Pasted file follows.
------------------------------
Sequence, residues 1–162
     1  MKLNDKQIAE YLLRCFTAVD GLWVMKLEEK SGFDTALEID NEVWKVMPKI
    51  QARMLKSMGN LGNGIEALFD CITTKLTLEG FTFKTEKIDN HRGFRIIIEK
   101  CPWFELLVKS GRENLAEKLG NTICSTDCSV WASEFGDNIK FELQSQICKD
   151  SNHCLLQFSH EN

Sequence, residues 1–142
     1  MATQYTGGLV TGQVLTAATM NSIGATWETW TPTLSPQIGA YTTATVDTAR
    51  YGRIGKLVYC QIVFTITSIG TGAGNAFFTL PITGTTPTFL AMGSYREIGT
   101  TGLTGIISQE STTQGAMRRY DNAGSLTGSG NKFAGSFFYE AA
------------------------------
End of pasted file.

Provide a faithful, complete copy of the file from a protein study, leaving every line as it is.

Sequence, residues 1–162
     1  MKLNDKQIAE YLLRCFTAVD GLWVMKLEEK SGFDTALEID NEVWKVMPKI
    51  QARMLKSMGN LGNGIEALFD CITTKLTLEG FTFKTEKIDN HRGFRIIIEK
   101  CPWFELLVKS GRENLAEKLG NTICSTDCSV WASEFGDNIK FELQSQICKD
   151  SNHCLLQFSH EN

Sequence, residues 1–142
     1  MATQYTGGLV TGQVLTAATM NSIGATWETW TPTLSPQIGA YTTATVDTAR
    51  YGRIGKLVYC QIVFTITSIG TGAGNAFFTL PITGTTPTFL AMGSYREIGT
   101  TGLTGIISQE STTQGAMRRY DNAGSLTGSG NKFAGSFFYE AA